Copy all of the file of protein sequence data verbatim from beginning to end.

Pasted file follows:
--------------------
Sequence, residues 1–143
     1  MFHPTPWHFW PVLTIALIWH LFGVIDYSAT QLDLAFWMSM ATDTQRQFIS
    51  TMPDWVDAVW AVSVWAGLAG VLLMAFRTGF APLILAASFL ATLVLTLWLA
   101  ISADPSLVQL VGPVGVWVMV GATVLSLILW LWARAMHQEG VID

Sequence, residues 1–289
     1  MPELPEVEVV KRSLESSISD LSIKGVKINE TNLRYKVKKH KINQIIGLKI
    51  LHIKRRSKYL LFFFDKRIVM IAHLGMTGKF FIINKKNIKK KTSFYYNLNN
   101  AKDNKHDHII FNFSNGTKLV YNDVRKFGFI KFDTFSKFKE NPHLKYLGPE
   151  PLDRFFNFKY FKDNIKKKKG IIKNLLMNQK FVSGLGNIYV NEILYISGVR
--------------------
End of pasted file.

Sequence, residues 1–143
     1  MFHPTPWHFW PVLTIALIWH LFGVIDYSAT QLDLAFWMSM ATDTQRQFIS
    51  TMPDWVDAVW AVSVWAGLAG VLLMAFRTGF APLILAASFL ATLVLTLWLA
   101  ISADPSLVQL VGPVGVWVMV GATVLSLILW LWARAMHQEG VID

Sequence, residues 1–289
     1  MPELPEVEVV KRSLESSISD LSIKGVKINE TNLRYKVKKH KINQIIGLKI
    51  LHIKRRSKYL LFFFDKRIVM IAHLGMTGKF FIINKKNIKK KTSFYYNLNN
   101  AKDNKHDHII FNFSNGTKLV YNDVRKFGFI KFDTFSKFKE NPHLKYLGPE
   151  PLDRFFNFKY FKDNIKKKKG IIKNLLMNQK FVSGLGNIYV NEILYISGVR